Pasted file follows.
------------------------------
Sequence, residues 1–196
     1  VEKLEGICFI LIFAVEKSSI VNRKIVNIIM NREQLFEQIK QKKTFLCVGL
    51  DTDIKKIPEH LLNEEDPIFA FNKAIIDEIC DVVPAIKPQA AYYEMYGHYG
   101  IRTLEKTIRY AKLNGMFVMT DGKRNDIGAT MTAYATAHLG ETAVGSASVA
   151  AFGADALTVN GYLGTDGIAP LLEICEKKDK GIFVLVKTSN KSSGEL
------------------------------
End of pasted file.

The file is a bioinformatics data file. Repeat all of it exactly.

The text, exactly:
Sequence, residues 1–196
     1  VEKLEGICFI LIFAVEKSSI VNRKIVNIIM NREQLFEQIK QKKTFLCVGL
    51  DTDIKKIPEH LLNEEDPIFA FNKAIIDEIC DVVPAIKPQA AYYEMYGHYG
   101  IRTLEKTIRY AKLNGMFVMT DGKRNDIGAT MTAYATAHLG ETAVGSASVA
   151  AFGADALTVN GYLGTDGIAP LLEICEKKDK GIFVLVKTSN KSSGEL